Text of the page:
• If you install a keypad for the garage door opener, make sure it is mounted high enough that young children will not be able to play with the buttons.

Theft. The easiest way for would-be thieves to access your home is through an open garage door. It's almost an invitation for theft! The Chamberlain garage door openers with myQ® Garage & Access Control App allows you to open and close your garage door from your smartphone. It will also alert you if the garage door has been left open or if it is opened while you are away.

(Photo courtesy of Chamberlain)

Chamberlain myQ Garage App

AS A NATION, WE CAN BUILD BETTER HOMES. And one definition of “better” is stronger and safer!

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New Home Cost: Cheaper than Expected?

New Home Cost: Cheaper than Expected?

“When the price is higher, people tend to focus on the things that make it higher. When the price is lower people tend to focus on things explaining why it’s lower,” William Poundstone wrote in his book, Priceless. Which do you want? Prospective buyers touring your homes to figure out why your prices are cheaper, or having them appreciate what makes your homes more expensive?

In most markets, national/production builders can offer what appears to be the “best prices.” Rightfully so, as they may enjoy economies of scale that can provide certain cost advantages in terms of land, building products, and even labor. The model homes are attractively presented, consumers notice the Delta faucets and Whirlpool appliances, and the sales representatives show how easy it would be to own one of their homes. (Photo courtesy: Delta Faucet)

Delta faucet

Some of these builders deliver an outstanding value, but oftentimes, in checking online reviews and apps such as Next Door, the builder’s reputation, quality, and customer service may be suspect. Buyers reason that is how the builder can price their homes cheaper. Aware of this, some buyers will accept those risks and buy on price; others rule out that builder, fearing the potential disappointment and regret.

If you’re not the lowest price builder in your market, your challenge is to help possible buyers identify what makes your homes more expensive. Those factors, if they matter to the buyer, will help them justify choosing you, so you may also need to help those folks appreciate why you build that way and/or include those amenities. Remember, buyers buy on emotion and subsequently justify those decisions rationally. Wanting to buy a home based on factors other than the lowest price is emotional.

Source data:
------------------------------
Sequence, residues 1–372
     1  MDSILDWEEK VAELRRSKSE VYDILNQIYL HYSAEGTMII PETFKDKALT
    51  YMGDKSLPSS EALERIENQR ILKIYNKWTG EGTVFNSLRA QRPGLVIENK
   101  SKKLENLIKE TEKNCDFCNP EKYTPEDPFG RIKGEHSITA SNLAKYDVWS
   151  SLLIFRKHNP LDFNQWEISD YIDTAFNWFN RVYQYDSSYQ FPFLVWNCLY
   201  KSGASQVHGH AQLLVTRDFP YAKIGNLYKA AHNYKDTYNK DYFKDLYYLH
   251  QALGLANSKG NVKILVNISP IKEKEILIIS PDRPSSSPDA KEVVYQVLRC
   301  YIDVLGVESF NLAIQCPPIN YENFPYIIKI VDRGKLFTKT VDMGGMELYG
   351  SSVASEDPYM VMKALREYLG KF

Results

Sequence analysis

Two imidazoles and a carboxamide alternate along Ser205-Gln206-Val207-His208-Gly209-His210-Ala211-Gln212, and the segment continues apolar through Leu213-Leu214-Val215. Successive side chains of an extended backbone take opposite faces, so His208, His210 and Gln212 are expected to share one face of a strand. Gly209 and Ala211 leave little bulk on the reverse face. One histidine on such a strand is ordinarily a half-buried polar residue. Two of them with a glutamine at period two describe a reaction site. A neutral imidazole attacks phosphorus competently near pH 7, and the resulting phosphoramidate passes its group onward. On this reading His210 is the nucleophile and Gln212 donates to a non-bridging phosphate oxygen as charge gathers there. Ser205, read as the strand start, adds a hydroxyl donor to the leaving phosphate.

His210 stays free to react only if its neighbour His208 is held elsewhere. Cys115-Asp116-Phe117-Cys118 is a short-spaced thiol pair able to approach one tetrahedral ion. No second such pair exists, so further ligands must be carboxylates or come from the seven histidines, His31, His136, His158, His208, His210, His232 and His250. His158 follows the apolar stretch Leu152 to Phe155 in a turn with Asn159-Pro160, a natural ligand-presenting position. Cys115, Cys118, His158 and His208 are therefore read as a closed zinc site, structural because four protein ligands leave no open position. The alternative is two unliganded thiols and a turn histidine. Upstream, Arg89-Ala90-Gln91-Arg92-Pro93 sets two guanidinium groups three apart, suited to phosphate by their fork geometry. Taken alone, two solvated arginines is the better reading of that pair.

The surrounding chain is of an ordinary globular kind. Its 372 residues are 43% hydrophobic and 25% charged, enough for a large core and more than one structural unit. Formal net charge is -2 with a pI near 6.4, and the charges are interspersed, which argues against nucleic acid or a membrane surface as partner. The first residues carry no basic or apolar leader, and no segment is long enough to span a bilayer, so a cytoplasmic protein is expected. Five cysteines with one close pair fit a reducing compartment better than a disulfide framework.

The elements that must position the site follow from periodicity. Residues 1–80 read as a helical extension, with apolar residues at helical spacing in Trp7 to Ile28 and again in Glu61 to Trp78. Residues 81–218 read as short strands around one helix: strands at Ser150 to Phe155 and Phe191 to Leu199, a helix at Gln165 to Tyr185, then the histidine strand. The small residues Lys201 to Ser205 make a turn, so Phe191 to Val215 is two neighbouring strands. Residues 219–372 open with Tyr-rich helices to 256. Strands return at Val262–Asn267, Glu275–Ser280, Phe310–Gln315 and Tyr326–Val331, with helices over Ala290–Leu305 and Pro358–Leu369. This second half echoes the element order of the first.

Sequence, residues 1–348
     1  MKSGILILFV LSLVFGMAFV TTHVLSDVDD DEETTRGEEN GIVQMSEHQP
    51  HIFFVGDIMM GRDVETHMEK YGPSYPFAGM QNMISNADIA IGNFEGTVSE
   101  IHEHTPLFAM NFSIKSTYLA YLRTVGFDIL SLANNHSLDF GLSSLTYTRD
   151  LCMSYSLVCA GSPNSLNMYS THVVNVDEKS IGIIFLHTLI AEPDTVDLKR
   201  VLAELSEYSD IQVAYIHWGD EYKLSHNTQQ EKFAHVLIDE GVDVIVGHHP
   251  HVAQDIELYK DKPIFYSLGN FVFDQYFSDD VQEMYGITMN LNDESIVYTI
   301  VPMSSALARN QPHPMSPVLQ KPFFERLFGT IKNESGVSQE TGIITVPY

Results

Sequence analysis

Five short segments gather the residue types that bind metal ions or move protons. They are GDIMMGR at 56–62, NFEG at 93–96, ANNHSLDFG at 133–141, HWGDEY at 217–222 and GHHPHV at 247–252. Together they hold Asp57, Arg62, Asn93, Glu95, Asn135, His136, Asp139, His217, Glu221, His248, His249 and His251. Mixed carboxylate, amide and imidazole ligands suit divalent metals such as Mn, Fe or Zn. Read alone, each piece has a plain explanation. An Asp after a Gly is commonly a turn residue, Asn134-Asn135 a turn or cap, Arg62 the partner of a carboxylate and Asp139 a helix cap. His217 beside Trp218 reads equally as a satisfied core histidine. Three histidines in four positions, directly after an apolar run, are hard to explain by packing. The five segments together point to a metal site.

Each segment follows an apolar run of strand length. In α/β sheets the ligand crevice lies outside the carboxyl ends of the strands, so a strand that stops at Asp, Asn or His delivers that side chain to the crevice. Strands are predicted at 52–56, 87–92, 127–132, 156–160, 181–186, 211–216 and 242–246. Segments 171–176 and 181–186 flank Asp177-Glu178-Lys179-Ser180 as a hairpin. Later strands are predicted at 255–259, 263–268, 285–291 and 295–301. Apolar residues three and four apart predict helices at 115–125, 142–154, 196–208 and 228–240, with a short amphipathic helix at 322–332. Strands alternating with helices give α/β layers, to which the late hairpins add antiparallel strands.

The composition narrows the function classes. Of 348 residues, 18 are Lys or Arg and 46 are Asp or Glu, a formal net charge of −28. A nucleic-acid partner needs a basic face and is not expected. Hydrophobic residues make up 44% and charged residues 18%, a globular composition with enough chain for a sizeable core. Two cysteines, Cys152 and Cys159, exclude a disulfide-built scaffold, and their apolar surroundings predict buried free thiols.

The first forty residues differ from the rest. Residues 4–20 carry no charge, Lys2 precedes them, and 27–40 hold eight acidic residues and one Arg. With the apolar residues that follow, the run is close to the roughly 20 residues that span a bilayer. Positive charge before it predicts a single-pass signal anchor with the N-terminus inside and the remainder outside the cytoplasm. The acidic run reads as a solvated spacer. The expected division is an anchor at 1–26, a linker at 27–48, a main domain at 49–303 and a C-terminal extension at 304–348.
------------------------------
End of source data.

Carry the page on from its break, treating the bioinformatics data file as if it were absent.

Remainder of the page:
Hy-Lite Awing Window

Some of the factors might be obvious – the Craftsman touches add to their home’s curb appeal. They fall in love with the look, can’t wait for their friends to see it, and value aesthetics. Other factors might require demonstration – the glass block windows (photo courtesy: Hy-Lite®) in the suite’s bathroom that provide both light AND privacy, plus crank out for fresh air, too! Factors might even be hidden – like the high performance insulation that will make their home more comfortable to live in, and is estimated to save them $XX monthly in utilities, giving them “bragging rights” as well as appealing to their desire to be environmentally responsible.

So, how do you make sure new home shoppers become aware the many reasons your home is a better value, even when it is more expensive? Besides the obvious model home tour, focus on rapport and trust. Rapport is a two-way street. The buyers want to know more about you, your company, and the homes you build. On the flip side, they’ll appreciate talking with someone who listens, cares, and truly has their interests at heart. Trust takes a little longer, though most people initially believe people they meet are trustworthy until they have reason to doubt. Knowledge of home building and your models is an important component of establishing trust. So is discovering things you have in common with the hopeful buyers (e.g., affiliations, schooling, interests, hobbies, preferences, etc.) – such similarities can go a long way with both rapport and trust. People like to do business with others like themselves. Transparency also aids in building trust, especially when it comes to pricing. Think pre-priced options and upgrades. Intriguing signage in your model home that calls attention to a specific feature that might be overlooked or under-appreciated can aid your buyer’s learning about amenities they would really want, but may not have even been aware of, further establishing trust.

As a business thought-leader and author, Seth Godin points out, price is a story, “People form assumptions and associations based on your pricing.”

Hyundai’s pricing strategy is very different from that of Mercedes Benz, and they sold a million and a half more vehicles world-wide last year than Mercedes. Yes, people form assumptions about Hyundai and Mercedes vehicles based in part on their pricing. But Mercedes sales pros probably aren’t losing any sleep over Hyundai prices!